"Retribution" was exhibited 'on the line' at the Royal Academy, Lecture Room in 1876 (no.874) with a whole portion of the wall to itself, thus reflecting the importance and size of this painting.
It is altogether a fine example of Richard Ansdell's unmistakable style, colour palette and subject matter. This composition gave him a chance to depict all his favoured elements on one canvas, which, by the mid eighteen-seventies, he had perfected. This is a picture with a story to tell - so often loved by the Victorians.
We see the familiar texture of the rocky Highland landscape with the expertly depicted groups of ewes and lambs, vulnerably perched on a ledge with Ansdell's 'trademark' birds of prey circling overhead. A shaft of sunlight shines on them through the dark clouds reassuring the viewer that this particular group are safe - one lamb is looking back to what might have been and the other is seeking reassurance from its mother. A sense of distance is provided by the other ewe, and the ever-changing weather promises a hopeful blue sky.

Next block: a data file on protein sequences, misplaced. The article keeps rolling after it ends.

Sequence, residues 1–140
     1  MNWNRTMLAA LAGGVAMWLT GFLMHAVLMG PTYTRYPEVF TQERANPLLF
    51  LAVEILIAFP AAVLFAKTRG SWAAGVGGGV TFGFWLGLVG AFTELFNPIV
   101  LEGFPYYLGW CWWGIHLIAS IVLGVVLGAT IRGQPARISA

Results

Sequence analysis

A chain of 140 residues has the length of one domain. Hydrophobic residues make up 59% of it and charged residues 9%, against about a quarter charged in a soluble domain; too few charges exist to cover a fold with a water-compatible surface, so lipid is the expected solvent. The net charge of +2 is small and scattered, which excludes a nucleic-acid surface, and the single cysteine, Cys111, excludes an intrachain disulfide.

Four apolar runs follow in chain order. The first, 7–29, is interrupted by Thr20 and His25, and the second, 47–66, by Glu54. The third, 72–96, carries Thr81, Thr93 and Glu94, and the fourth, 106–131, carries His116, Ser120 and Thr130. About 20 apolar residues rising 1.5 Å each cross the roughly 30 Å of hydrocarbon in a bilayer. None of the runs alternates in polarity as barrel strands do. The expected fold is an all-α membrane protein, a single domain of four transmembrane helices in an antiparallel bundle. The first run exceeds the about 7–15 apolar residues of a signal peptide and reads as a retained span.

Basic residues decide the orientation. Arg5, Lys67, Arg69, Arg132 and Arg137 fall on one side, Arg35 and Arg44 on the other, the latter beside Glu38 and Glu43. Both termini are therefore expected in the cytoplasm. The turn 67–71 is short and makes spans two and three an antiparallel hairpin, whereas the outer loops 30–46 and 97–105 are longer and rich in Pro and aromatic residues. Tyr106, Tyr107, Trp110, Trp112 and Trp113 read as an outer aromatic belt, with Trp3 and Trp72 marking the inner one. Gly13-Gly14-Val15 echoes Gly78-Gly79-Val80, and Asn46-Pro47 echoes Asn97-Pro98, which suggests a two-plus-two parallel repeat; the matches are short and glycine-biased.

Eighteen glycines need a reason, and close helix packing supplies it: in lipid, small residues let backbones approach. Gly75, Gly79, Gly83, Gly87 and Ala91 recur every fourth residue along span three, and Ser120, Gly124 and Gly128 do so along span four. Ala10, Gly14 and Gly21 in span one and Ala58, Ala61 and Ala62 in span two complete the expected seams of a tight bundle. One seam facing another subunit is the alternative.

The foreground is dominated by a dead fox - bloodless - as is typical of Ansdell. To the right there is a sheep's skull, telling the viewer what might have been, and there is a small lamb trapped between the rocks: certainly the object of the fox's attention. To the left, there is part of a bird's wing - either a pigeon that was previously caught by the fox, or a magpie symbolising "one for sorrow".
The hero of the piece is the expertly painted tri-coloured Border Collie (this particular one is believed to be Ansdell's own). He has caught the fox, saved the flock from danger, and is looking around for his master's approval with a satisfied look in his eye.
We are grateful to Sarah Kellam for her assistance with the cataloguing of this lot. Sarah Kellam (great, great granddaughter of Richard Ansdell RA) is currently compiling a Catalogue Raisonne of Richard Ansdell's works and she invites contact and enquiries via her website www.richardansdell.co.uk.